Boeing Tests Wi-Fi Signals with Potatoes

Remember the school’s science fair when that weird kid connected a bag of potatoes to a light bulb? Boeing, one of the companies with the most sophisticated and innovative technology in the world, decided to test Wi-Fi signals with potatoes. They used 20,000 pounds of potatoes, to be more exact.

You know that term, couch potato? In Boeing’s Wi-Fi signal test that would have applied to some extent. The company decided to use 20,000 pounds of potatoes, instead of dozens of humans (a much more expensive option) to test the performance of its Wi-Fi network within an airplane. If it had been humans, however, they would have had the most boring and soon (horrific) job in the world: sitting in a grounded plane for days in a row. For anybody who waited for tardy passengers, even 10 minutes in a grounded plane is annoying.

Boeing released a video explaining why it chose potatoes to test the performance of its Wi-Fi signals. “…the vegetables’ interactions with radio wave signals mimic those of the human body, the perfect stand-in for people who otherwise would have had to sit motionless for days on end while data was gathered”.

The Chicago-based company wanted to make sure passengers won’t lose their internet connection even when they’re flying at 30,000 feet in the air. So the 20,000 pounds of potatoes sat in a Boeing airplane until experts managed to get all their data and make sure the Wi-Fi is consistent through the cabin without interfering with communication and navigation systems.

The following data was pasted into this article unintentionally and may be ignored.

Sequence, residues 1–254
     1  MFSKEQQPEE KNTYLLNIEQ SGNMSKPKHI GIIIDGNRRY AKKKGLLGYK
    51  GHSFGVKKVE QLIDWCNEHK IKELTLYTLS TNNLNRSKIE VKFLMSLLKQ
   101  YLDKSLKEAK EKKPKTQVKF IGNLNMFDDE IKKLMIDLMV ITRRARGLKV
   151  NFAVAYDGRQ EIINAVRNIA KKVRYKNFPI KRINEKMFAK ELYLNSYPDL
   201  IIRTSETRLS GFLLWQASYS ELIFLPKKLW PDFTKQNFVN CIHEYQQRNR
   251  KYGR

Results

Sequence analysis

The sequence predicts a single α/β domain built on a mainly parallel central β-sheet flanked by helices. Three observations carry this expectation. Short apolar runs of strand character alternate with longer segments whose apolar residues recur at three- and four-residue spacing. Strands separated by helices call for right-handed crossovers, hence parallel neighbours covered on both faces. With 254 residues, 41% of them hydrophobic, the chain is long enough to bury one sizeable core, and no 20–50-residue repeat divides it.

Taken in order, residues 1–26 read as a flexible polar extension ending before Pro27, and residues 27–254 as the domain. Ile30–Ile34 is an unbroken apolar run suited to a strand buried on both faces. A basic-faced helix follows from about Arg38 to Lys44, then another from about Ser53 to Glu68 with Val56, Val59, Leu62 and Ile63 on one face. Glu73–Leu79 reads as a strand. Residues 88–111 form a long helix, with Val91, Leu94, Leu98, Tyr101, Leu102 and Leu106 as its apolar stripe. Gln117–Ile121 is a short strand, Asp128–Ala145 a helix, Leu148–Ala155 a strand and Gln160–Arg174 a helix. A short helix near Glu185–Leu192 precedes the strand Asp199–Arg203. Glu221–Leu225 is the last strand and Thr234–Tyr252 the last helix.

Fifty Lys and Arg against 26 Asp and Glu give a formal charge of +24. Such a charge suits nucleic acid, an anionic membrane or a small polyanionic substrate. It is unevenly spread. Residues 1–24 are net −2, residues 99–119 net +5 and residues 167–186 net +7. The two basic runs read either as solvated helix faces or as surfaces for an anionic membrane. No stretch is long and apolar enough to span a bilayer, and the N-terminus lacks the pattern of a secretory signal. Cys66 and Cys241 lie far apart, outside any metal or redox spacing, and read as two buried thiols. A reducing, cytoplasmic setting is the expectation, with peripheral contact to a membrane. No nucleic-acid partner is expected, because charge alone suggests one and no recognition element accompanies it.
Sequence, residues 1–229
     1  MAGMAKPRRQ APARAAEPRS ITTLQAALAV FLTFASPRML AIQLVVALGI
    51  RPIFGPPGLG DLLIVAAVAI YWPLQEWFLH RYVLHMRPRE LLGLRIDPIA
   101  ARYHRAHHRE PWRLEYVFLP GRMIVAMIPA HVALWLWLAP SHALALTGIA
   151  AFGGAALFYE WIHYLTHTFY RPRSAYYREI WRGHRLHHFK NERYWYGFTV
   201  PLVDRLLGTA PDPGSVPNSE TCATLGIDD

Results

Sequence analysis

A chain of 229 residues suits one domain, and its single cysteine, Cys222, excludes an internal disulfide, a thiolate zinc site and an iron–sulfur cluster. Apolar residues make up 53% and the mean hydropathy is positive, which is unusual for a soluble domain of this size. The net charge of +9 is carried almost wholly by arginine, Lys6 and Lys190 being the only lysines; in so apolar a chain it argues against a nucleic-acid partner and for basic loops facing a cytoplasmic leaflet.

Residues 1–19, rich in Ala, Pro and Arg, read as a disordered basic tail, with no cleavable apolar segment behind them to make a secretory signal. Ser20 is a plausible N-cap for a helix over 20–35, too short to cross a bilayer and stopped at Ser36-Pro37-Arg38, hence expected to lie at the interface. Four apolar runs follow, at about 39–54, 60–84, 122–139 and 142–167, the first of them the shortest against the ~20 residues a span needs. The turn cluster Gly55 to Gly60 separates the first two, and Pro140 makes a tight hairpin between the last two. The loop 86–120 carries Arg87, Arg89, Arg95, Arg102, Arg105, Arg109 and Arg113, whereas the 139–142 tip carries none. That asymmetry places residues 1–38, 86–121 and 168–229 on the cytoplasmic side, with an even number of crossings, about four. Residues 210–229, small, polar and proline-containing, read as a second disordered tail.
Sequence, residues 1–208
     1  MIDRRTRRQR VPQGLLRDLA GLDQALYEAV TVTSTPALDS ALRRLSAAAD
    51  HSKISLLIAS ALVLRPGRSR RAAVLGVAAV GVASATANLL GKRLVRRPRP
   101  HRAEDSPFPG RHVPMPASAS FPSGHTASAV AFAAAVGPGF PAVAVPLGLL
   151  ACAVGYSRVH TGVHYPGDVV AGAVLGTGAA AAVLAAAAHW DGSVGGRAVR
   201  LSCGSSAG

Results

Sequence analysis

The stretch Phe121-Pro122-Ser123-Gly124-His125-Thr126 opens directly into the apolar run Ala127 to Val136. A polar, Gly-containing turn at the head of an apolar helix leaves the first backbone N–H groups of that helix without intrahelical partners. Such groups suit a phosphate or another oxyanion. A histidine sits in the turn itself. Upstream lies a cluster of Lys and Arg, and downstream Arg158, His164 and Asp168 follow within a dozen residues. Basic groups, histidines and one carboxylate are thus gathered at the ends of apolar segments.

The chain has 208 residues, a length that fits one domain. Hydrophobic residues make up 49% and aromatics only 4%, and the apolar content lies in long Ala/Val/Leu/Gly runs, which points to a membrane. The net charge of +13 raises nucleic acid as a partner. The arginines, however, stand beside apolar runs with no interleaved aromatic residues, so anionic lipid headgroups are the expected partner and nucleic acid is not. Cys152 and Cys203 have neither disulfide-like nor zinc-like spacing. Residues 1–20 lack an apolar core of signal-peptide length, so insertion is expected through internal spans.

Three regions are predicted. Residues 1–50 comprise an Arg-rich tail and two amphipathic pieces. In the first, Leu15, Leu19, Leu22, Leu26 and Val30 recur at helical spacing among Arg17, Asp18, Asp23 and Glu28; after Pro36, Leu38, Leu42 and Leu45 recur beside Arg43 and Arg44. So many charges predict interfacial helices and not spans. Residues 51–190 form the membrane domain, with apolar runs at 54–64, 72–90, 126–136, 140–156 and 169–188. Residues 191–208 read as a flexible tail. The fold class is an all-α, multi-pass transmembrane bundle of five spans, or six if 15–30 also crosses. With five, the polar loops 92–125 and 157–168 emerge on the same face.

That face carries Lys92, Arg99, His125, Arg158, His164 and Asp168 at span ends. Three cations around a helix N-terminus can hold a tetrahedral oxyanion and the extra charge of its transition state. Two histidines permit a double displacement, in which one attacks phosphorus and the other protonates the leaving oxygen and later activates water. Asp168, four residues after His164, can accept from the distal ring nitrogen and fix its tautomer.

There was also a press release about the company’s newest “advanced method to test wireless signals in airplane cabins”, which again it involves potatoes. The process created by Boeing engineers aimed to measure radio signal quality of Wi-Fi networks “using proprietary measurement technology and analysis tools”. That “enables engineers to more efficiently measure how strong a signal is and how far it spreads, ensuring safe yet powerful signal penetration throughout an airplane cabin”.

The Wi-Fi potato experiment was shortened from the initial two weeks to 10 hours. And while Boeing didn’t reveal actual technical aspects of the experiment, it did mention it “takes advantage of state-of-the-art technology and ground-breaking statistical analysis to identify strong and weak signal areas and balance them by adjusting the connectivity system accordingly”.

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Eli Wads is one of our expert authors in technology and business fields.Currently living in San Marino, Eli has graduated at Southwestern Academy with a Bachelor Degree in business in 2008. Contact him by dropping him an e-mail at

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